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In the quiet western town of Clifton, Scott is the naive town fool. As a simple bastard of a prostitute, Scott grew up without a place in Clifton and without knowing who fathered him and is belittled. Scott is only good for is taking up sweeping outside homes, taking care of the horses, and collecting the residential human waste for disposal in order to earn a better living for himself. But That all changed when Frank Talby rode into town. The infamous gunslinger takes the adoring Scott under his wing and turns the town fool into Talby’s right hand gun for hire, making Scott a fast drawing force in Clifton. When Talby takes the reigns over the town of Clifton, Scott doesn’t pity those who mistreated him as Talby turns the disrespectful rich into the town fools, but the one man that cared for Scott is the one man Talby hates the most from his past and Scott must choose between his long time mentor or his newly found idol when the two showdown.

This is a first; a spaghetti western review on Its Bloggin’ Evil! But I just love the genre with the rich story lines and colorful dialogues and dynamics between characters. The genre never becomes dull, the desert stricken west never looks unbearable on screen, and, just like that Seth MacFarlane movie, there are certainly are a million ways to die in the west. Director Tonino Valerli’s “Day of Anger” fits the bill for the Italian Western genre. Also entitled “Gunlaw” or “I giorni dell’ira,” Rome born Giuliana Gemma stars as Scott Mary to make this an authentic spaghetti western and genre veteran, and overall on screen bad guy, Lee Van Cleef, who you may recognize form “The Good, The Bad, and The Ugly,” as the downright mean snake Frank Talby.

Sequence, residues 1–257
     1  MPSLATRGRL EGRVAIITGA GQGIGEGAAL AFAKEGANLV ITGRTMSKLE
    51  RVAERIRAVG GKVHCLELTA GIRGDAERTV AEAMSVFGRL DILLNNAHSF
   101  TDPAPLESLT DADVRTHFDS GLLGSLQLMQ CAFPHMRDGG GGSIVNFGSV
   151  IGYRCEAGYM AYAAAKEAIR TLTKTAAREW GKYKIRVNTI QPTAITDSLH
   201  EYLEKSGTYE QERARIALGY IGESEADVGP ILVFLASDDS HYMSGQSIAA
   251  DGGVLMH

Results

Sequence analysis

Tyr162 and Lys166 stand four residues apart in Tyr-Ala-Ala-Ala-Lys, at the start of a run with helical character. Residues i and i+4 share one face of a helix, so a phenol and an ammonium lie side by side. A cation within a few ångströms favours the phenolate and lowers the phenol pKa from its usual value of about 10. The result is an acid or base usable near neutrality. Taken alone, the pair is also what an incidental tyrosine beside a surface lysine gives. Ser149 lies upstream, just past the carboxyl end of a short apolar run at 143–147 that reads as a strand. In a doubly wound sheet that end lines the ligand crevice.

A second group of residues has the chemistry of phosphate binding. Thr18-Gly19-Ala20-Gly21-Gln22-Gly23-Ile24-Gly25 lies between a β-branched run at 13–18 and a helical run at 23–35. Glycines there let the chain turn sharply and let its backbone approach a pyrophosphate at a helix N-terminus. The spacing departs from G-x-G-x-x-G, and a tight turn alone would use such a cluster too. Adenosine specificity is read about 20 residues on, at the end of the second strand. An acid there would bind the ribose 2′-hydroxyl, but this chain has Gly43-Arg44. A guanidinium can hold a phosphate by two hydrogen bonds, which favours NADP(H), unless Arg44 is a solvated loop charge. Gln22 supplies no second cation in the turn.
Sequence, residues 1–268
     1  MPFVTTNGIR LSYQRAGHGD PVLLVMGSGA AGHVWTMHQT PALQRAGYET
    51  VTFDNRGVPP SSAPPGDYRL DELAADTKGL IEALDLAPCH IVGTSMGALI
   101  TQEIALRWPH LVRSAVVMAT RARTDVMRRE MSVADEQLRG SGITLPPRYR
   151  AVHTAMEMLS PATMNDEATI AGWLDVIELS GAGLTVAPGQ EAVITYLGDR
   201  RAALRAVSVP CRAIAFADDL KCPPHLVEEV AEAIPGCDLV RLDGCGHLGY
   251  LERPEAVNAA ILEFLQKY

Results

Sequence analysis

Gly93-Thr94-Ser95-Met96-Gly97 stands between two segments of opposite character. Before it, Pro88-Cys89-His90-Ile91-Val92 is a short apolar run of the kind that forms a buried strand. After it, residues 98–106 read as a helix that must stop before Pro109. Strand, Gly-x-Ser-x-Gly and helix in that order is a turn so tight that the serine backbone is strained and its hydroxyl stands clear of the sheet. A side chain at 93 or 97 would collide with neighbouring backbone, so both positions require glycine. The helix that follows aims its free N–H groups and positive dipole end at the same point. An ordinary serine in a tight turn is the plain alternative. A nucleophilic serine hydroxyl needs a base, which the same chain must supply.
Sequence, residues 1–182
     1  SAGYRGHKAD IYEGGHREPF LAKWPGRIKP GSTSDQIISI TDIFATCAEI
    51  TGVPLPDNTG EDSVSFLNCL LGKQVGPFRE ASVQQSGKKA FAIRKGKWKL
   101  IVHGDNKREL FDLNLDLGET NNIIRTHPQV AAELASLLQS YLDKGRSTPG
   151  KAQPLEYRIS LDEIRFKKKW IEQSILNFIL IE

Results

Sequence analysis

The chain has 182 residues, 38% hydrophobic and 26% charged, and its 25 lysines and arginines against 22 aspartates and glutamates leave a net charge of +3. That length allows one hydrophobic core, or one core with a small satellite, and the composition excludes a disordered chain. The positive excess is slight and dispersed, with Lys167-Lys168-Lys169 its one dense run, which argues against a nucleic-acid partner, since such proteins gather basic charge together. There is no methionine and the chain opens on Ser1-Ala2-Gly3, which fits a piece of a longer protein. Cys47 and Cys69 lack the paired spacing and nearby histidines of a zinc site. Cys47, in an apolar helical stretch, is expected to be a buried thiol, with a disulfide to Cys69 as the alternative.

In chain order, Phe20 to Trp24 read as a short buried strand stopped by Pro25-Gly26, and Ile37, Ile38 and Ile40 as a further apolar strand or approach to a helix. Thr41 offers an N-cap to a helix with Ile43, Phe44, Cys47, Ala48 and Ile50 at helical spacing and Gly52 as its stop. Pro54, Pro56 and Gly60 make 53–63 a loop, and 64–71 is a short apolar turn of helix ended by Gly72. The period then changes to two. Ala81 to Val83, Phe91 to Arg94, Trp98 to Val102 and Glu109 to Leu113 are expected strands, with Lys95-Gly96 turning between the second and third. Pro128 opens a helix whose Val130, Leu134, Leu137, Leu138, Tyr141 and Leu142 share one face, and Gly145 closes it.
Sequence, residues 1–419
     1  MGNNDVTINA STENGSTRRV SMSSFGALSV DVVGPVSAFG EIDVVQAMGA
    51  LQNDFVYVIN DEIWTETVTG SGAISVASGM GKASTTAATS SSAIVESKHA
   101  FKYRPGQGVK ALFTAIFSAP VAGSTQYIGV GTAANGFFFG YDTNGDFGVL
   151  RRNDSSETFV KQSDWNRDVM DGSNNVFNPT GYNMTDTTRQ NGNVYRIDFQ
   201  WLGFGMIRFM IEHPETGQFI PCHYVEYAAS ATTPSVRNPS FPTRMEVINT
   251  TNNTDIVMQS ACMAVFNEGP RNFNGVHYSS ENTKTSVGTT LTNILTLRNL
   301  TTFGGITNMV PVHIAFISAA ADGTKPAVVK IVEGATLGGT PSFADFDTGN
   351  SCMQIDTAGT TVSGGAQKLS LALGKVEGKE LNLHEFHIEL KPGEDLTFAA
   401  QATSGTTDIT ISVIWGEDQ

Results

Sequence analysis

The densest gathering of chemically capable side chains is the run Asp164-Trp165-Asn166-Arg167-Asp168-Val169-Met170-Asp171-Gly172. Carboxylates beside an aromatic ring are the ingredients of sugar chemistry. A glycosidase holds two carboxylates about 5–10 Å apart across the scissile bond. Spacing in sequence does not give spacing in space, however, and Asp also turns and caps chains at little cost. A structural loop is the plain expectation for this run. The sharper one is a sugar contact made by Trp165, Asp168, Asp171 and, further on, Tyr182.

The story directly sets up Scott as this blundering idiot, but if you watch closely during the progression of the character, Scott is written with easter eggs showcasing him as being quick, agile, and strong. With Talby schooling him on how to be a gritty gunslinger, Scott is well on his way to being what he always idolized and instead of being the town joke, the town fears him. This is also where the script becomes a bit of enigma because you want Scott, the fool, to be respected by the people of Clifton. Yet, the people still don’t respect Scott and only fear him because he’s becoming like the ruthless Talby who the town folk despise. Giuliana Gemma does a fine job at portraying the nitwit part of Scott, but not so much the quick draw, new and improved Scott. Gemma made the character growth too easy and didn’t sell it properly to have Scott earn the right to be tough.

Lee Van Cleef, on the other hand, is damn nasty. The natural look of undermining and deceptiveness with power and brutality just can’t be undone in any project Cleef undertakes. The character Talby is formidable, cutthroat, and smart and Cleef plays those qualities to the exact tune. Scott is severely overshadowed by Talby making Cleef more of the stud as the “Day of Anger” headlining actor than Giuliana. Giuliana had some success in the niche genre under the pseudo name Montgomery Wood, maybe because it sounded more American or more Hollywood, but when death came for the genre, so did it for Gemma’s lucrative Italian career. Overall, both male leads are not hindered by a female love interest. “Day of Anger,” from start to finish, only contains a handful of scenes were women become prevalent.

The Arrow Film’s Blu-ray released from MVDVisual is quite awe-inspiring sharp with a beautifully brilliant picture that is presented in it’s original aspect ratio 2.35:1 format from the transfer of the original negative. The long range shots of the desert are unbelievable with the 1080p transfer. The contrasting colors amongst the town of Clifton organically bring the town to life, constructing a seemingly realistic town rather than a stage or a set. The audio comes in three soundtrack options: English (longer cut of the film), Italian (longer cut of the film), or English (shorter international version). The Riz Ortolani soundtrack really stands out clearly and firmly but not in annoying overbearing style that doesn’t sync with the film or with the characters’ dialogues. There are a few high frequency pops during a couple of transitional scenes, but these won’t distract from the amazing film. This Region A and B Blu-ray is absolutely stunning with loads of extras just waiting to be experienced. MVD and Arrow Film’s Blu-ray version of “Day of Anger,” the first time on Blu-ray anywhere in the world, would be a fine piece for anybody’s western collection.